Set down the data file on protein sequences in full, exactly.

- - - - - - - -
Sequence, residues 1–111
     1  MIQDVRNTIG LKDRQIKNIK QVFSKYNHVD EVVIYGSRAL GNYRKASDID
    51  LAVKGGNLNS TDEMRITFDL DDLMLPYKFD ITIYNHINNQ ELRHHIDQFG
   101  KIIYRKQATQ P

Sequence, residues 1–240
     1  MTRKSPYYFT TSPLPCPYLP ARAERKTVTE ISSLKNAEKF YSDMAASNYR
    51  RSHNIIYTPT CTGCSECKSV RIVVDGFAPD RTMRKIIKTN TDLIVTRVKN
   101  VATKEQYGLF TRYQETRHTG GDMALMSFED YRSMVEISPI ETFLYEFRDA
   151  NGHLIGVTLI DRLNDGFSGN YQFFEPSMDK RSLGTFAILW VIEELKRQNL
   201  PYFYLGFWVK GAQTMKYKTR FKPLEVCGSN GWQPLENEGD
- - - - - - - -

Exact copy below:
Sequence, residues 1–111
     1  MIQDVRNTIG LKDRQIKNIK QVFSKYNHVD EVVIYGSRAL GNYRKASDID
    51  LAVKGGNLNS TDEMRITFDL DDLMLPYKFD ITIYNHINNQ ELRHHIDQFG
   101  KIIYRKQATQ P

Sequence, residues 1–240
     1  MTRKSPYYFT TSPLPCPYLP ARAERKTVTE ISSLKNAEKF YSDMAASNYR
    51  RSHNIIYTPT CTGCSECKSV RIVVDGFAPD RTMRKIIKTN TDLIVTRVKN
   101  VATKEQYGLF TRYQETRHTG GDMALMSFED YRSMVEISPI ETFLYEFRDA
   151  NGHLIGVTLI DRLNDGFSGN YQFFEPSMDK RSLGTFAILW VIEELKRQNL
   201  PYFYLGFWVK GAQTMKYKTR FKPLEVCGSN GWQPLENEGD